Joff Wild

Acacia shares lost over 27% of their value yesterday as the markets reacted negatively to the publicly-quoted NPE’s first quarter figures, which were released on Thursday. The firm reported a drop in operating revenues to $76,861,000 and a decline in net income to $5.11M or $0.11 a share compared to Q1 2012’s $49.93M or $1.09 a share; with adjusted earnings of $22.71M or $0.47 a share. However, Acacia actually beat market expectations, which had been for revenues of just under $59 million and an EPS of $0.42.

In the press release announcing the results, President and CEO Paul Ryan was upbeat: “Acacia generated the second highest revenue quarter in company history in the 1st Quarter of 2013, providing a great start to the year … These results reflect Acacia's growing industry leadership in patent licensing and are accelerating new opportunities to partner with patent owners.” The earnings call that took place on the day the results came out was also positive, with several analysts congratulating Ryan and his team on Acacia’s performance. But clearly the markets were not listening. After heavy trading, at close of business on Friday, the firm’s value had fallen by hundreds of millions of dollars to $1.057 billion. Less than a year ago it was worth $2 billion.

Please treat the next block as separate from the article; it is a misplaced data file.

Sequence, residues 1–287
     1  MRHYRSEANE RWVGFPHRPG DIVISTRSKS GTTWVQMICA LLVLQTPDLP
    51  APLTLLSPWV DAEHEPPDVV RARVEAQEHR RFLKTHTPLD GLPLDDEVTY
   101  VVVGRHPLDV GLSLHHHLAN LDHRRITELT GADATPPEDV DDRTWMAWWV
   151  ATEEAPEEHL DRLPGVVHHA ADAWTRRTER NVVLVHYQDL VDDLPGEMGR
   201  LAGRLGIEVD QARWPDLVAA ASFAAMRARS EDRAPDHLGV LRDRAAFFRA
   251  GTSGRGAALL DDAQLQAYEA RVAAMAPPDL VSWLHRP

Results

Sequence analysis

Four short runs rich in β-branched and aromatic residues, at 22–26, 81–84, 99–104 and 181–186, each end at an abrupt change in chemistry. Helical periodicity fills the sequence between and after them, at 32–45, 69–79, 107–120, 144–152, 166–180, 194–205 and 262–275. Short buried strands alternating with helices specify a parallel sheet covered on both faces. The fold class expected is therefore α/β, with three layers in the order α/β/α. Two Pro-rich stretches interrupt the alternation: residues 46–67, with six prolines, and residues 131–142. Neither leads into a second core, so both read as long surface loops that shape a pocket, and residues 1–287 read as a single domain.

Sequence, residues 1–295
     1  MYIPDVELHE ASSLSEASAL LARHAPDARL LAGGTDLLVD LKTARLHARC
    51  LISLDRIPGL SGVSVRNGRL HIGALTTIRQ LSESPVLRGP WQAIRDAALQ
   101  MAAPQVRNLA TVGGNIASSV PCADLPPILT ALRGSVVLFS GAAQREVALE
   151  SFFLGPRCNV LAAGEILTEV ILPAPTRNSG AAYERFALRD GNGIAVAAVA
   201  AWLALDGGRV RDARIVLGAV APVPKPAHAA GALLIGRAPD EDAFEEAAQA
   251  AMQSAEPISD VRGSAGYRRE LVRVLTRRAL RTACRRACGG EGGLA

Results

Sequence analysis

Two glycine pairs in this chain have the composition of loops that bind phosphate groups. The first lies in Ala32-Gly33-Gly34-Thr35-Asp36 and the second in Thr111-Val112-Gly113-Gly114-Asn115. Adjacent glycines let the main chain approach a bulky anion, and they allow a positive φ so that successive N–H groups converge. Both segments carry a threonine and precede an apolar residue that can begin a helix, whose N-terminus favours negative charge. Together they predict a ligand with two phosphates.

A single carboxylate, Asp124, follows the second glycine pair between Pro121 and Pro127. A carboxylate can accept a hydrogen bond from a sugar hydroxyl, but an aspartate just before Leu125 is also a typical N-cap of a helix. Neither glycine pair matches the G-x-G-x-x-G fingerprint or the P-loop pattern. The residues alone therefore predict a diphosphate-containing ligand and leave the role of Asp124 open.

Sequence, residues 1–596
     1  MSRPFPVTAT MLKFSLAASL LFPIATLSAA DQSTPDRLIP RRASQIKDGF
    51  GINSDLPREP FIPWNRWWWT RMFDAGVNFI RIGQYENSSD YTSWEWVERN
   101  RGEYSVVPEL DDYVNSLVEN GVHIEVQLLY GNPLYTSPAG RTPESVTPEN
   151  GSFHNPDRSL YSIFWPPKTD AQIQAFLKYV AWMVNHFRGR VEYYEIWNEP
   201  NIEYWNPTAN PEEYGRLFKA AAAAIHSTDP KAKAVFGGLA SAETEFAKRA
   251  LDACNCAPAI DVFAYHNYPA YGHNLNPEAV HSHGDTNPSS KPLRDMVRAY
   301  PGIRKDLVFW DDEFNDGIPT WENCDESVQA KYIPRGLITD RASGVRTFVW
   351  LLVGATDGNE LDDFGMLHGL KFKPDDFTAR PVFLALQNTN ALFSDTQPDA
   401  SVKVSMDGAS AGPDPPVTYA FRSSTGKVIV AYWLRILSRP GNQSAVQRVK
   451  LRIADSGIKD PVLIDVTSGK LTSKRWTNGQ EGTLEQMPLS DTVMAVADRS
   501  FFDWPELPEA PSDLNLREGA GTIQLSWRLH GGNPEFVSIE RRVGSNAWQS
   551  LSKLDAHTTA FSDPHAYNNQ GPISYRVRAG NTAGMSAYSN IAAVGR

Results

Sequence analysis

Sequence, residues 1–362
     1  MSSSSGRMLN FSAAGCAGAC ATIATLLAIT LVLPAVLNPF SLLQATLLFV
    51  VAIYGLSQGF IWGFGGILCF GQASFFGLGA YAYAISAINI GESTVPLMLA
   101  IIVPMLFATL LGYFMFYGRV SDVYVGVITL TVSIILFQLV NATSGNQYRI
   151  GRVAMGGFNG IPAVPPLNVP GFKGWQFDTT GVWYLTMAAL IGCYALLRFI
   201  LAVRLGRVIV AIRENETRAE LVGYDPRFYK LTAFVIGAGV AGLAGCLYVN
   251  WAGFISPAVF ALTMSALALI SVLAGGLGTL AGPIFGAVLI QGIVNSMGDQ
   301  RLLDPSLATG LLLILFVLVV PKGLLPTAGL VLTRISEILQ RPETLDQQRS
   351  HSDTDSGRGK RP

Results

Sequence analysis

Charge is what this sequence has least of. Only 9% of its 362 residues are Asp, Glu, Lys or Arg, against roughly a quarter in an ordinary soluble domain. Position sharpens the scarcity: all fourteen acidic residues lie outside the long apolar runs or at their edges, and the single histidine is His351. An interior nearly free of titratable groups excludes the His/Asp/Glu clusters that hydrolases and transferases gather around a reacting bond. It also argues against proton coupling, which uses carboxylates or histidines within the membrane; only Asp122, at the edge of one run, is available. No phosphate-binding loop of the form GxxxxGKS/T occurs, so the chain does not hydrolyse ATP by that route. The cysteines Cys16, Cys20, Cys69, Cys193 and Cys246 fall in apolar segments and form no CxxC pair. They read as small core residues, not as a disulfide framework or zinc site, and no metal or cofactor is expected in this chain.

While it is always important to note that share movements can be volatile, will always go up and down, should not be the measure by which to judge a company’s success, and so on, what happened yesterday is just the latest example of the wild fluctuations we so often see when it comes to the stock movements of publicly-traded IP companies (PIPCO). It’s not the first time it has happened to Acacia, VirnetX’s share price has also dropped markedly this year, while Vringo (which yesterday announced it is moving its listing from the NYSE to NASDAQ) has also seen some big falls over recent months.

As I have written on here before, what that says to me is that generally speaking mainstream investors struggle with the IP market, what drives it, how money is made in it, the timescales over which this is done, valuations, and so on. There seems to be absolutely no logic to the way in which the markets react to PIPCO news This makes building a portfolio that includes a level of exposure to them a huge risk. That said, it also offers huge opportunities for those who do have nerves of steel. For example, doesn’t Acacia itself look quite an attractive buy after Friday's sell-off?

DISCLAIMER: none of the above is investment advice. You would be mad to listen to me. I don’t. I have no PIPCO shares and do not intend to buy any. If this is a sector that interests you speak to someone who does know what they are talking about. You’ll find that there are not many such people around; which probably says something about where the PIPCO market is right now.